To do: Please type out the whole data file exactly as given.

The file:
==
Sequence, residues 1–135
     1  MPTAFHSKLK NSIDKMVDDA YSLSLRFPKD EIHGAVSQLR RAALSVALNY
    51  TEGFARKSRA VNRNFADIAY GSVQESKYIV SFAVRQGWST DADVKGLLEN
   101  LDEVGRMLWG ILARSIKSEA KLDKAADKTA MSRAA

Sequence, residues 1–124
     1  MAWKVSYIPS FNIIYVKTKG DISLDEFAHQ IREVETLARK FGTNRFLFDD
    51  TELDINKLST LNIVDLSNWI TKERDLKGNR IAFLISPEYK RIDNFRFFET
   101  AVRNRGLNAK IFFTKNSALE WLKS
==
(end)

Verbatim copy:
Sequence, residues 1–135
     1  MPTAFHSKLK NSIDKMVDDA YSLSLRFPKD EIHGAVSQLR RAALSVALNY
    51  TEGFARKSRA VNRNFADIAY GSVQESKYIV SFAVRQGWST DADVKGLLEN
   101  LDEVGRMLWG ILARSIKSEA KLDKAADKTA MSRAA

Sequence, residues 1–124
     1  MAWKVSYIPS FNIIYVKTKG DISLDEFAHQ IREVETLARK FGTNRFLFDD
    51  TELDINKLST LNIVDLSNWI TKERDLKGNR IAFLISPEYK RIDNFRFFET
   101  AVRNRGLNAK IFFTKNSALE WLKS